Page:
More and more financial institutions are investing in developing their own analytics teams. Data warehousing and other modern analytics platforms are becoming the norm and not the exception. As these organizations start to develop their data strategy and implementation roadmap, some of them find that their data is being held hostage.
What do I mean by that?
Let’s assume that you are running a CRM system, for example, that is on-premise. More likely than not, the data for that CRM system is being held in a SQL database. Getting data out of a SQL database is easy in the world of data warehousing and analytics.
Now, let’s assume you are running a loan origination system (LOS) that is a hosted, third-party application. Except for a handful of exceptions, you will not be able to access a SQL database housing this data directly. However, your analytics team needs to get this data out of the hosted environment. You likely will call up the vendor, and they will give you a quote for how much they will charge you to provide you with your data.
Let me repeat that. They will give you a quote for how much they will charge you for YOUR data.
Avoiding Data Hostage Situations
Access to data is typically an afterthought in the product evaluation process for new software acquisition. As more organizations take steps towards becoming data-driven, the need to have easy access to their data will become even more critical than it already is.
Data access, then, should become part of the software evaluation process – a forethought instead of an afterthought.
Most vendors have the means to provide the data to you a number of different ways. By waiting until after implementation, however, data access becomes a product and/or service increase as opposed to an existing feature of the software acquisition. This is typically where you receive a quote for how much it will cost to have data delivered to your organization.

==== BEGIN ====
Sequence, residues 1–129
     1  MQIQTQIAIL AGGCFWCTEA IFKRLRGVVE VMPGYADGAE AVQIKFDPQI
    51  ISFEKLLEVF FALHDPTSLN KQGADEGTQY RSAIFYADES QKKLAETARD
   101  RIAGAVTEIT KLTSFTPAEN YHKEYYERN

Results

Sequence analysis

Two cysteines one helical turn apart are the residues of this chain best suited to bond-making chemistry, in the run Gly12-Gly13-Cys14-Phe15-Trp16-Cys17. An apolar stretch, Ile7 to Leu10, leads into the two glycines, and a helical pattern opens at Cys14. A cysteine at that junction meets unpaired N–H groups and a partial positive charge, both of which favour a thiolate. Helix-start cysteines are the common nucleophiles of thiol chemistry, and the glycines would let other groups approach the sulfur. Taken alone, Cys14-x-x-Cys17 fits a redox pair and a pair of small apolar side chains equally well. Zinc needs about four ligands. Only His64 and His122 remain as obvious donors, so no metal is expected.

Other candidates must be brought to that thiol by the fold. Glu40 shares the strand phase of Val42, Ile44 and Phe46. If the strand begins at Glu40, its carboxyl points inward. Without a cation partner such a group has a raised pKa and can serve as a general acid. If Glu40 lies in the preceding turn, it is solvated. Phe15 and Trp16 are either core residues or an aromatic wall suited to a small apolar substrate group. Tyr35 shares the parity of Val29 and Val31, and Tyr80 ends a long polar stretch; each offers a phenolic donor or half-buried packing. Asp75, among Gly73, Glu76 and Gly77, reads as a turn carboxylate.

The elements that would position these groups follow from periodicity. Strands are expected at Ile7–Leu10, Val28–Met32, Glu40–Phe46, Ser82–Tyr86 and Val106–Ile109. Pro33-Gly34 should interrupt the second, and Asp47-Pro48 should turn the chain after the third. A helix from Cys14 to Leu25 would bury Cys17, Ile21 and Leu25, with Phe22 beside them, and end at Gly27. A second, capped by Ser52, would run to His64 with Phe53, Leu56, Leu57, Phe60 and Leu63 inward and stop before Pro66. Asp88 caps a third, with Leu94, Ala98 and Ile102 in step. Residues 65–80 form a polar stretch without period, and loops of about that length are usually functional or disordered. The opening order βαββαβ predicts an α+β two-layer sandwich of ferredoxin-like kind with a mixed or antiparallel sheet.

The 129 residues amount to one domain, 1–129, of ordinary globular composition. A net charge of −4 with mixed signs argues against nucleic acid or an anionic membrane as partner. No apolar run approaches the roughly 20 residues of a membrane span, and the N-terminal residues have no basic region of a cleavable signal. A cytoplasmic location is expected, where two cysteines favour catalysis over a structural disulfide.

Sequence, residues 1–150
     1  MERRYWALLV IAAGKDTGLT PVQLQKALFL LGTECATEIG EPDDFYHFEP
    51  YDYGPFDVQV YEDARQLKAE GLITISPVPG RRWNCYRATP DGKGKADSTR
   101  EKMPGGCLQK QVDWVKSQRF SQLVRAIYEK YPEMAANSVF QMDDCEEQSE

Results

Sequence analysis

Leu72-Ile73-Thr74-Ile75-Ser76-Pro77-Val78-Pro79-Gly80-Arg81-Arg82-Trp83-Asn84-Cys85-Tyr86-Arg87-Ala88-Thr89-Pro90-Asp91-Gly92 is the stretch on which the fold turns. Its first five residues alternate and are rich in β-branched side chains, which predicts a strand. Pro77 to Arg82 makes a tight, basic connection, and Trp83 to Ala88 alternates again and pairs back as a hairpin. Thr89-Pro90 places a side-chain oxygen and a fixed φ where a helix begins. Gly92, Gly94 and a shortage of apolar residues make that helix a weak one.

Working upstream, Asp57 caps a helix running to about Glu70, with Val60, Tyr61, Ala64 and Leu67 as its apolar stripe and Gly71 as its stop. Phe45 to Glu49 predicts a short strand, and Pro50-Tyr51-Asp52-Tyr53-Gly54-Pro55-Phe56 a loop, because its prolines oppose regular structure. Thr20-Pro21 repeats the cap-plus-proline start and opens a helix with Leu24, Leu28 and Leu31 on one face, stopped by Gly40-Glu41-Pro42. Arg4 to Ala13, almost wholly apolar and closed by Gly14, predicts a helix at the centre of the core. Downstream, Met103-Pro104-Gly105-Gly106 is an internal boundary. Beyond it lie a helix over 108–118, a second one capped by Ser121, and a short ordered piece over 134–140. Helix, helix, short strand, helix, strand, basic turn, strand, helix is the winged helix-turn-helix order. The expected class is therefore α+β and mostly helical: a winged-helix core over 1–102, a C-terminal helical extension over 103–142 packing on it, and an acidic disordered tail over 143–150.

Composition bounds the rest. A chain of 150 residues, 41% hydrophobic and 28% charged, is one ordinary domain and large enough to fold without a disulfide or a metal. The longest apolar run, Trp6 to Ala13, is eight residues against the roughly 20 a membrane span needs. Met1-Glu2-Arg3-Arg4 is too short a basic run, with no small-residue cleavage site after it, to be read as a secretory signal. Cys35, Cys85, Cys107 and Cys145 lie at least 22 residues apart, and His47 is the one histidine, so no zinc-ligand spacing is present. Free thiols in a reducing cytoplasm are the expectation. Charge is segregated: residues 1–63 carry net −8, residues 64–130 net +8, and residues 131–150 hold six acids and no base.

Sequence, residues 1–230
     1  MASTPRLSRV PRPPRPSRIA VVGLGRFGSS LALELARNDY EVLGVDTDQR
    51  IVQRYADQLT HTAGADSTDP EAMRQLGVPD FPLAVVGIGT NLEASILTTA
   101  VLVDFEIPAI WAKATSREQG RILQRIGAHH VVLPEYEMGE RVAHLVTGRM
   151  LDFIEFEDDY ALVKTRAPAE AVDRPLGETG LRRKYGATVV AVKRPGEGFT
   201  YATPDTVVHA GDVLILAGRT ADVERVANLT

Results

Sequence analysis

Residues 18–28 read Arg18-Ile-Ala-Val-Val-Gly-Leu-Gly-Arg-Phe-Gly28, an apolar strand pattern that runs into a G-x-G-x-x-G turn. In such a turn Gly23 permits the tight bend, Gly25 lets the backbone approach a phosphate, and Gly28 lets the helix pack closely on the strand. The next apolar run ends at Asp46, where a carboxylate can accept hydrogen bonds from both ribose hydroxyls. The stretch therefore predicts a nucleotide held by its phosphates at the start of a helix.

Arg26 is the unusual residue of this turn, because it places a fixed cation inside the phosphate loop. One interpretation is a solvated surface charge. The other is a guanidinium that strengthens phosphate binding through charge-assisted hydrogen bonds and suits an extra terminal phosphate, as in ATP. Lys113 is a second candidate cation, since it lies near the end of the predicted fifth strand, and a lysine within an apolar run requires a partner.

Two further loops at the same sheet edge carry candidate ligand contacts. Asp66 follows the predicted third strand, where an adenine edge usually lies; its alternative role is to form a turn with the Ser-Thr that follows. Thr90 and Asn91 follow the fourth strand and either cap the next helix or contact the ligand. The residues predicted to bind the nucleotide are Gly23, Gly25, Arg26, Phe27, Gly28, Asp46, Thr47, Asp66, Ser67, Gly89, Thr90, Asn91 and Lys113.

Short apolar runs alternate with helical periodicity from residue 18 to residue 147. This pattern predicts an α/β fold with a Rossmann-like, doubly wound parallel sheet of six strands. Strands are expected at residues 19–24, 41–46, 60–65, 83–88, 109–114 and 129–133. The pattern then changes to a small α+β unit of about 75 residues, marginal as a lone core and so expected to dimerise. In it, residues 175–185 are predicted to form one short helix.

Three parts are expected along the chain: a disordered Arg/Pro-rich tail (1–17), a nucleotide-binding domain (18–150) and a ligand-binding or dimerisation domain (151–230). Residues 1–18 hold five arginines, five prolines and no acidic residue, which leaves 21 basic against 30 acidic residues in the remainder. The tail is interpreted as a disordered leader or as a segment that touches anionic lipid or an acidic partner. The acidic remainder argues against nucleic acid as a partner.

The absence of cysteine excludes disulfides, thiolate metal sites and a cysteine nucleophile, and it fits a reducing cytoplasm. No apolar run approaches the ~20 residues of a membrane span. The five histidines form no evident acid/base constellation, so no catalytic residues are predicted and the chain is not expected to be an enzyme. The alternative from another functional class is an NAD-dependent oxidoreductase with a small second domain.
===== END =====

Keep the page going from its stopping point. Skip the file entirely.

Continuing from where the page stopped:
Some of you may be reading this saying “but I can access all the data I need from a web portal they’ve provided to me.” In that situation, reports must be manually opened and downloaded if you want to do anything with that data. Your analytics team will need data automatically downloaded or transferred to a specific location on a regular (usually, nightly) basis. Access to a reporting portal that requires manually downloading of reports and data is insufficient for a data-driven organization.
Key Point: Negotiate access to raw data at the beginning of the software acquisition process not after it has been implemented.
Ways Data Can Be Delivered
Most vendors have several ways of automatically delivering data to your organization:
- SFTP (Secure File Transfer Protocol) – a secure way to send files to and from vendors. For those vendors that cannot allow direct access to a SQL database, this is usually the most common delivery method.
- SQL Replication – some applications (shoutout to MortgageBot) will set up a replicated SQL instance on your network. Put simply, they are putting a copy of the production database on your system for reporting purposes. This a dream come true for analytics teams that need access to raw data.
- Physical Copies of Database Backups – some vendors are able to send you a physical copy (i.e. encrypted external hard drive) that contains a copy of a SQL database up to a certain point in time. Then, they can SFTP over backups and/or log files that update the database. A hybrid of the first two options, there is a bit more work in this solution, but it is still a viable option
- API – as credit unions and community banks start to build their own development teams, APIs are becoming more commonplace. Think of this as the language through which a development team and an application could communicate. Depending on how open the API is, this may be a sufficient option to gather the raw data required by your analytics team.
There are few other delivery methods, but, for the most part, they are derivations of the methods already mentioned.
As you are negotiating or re-negotiating with your vendors, make the conversation about data access and delivery a priority. Some of the most successful financial institutions are achieving their success through their increased use of data analytics.
Avoid having your data held hostage and make data access a priority in all software evaluation processes.
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